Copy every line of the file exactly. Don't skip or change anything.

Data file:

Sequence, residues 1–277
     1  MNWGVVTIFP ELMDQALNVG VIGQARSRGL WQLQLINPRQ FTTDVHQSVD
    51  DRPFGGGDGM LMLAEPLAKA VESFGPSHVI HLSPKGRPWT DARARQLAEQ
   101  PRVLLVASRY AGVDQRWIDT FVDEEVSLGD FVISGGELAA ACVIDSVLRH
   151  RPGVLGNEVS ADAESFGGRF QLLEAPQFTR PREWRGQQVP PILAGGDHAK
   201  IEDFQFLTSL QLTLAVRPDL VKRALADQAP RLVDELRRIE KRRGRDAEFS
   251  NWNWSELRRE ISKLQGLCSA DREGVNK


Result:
Sequence, residues 1–277
     1  MNWGVVTIFP ELMDQALNVG VIGQARSRGL WQLQLINPRQ FTTDVHQSVD
    51  DRPFGGGDGM LMLAEPLAKA VESFGPSHVI HLSPKGRPWT DARARQLAEQ
   101  PRVLLVASRY AGVDQRWIDT FVDEEVSLGD FVISGGELAA ACVIDSVLRH
   151  RPGVLGNEVS ADAESFGGRF QLLEAPQFTR PREWRGQQVP PILAGGDHAK
   201  IEDFQFLTSL QLTLAVRPDL VKRALADQAP RLVDELRRIE KRRGRDAEFS
   251  NWNWSELRRE ISKLQGLCSA DREGVNK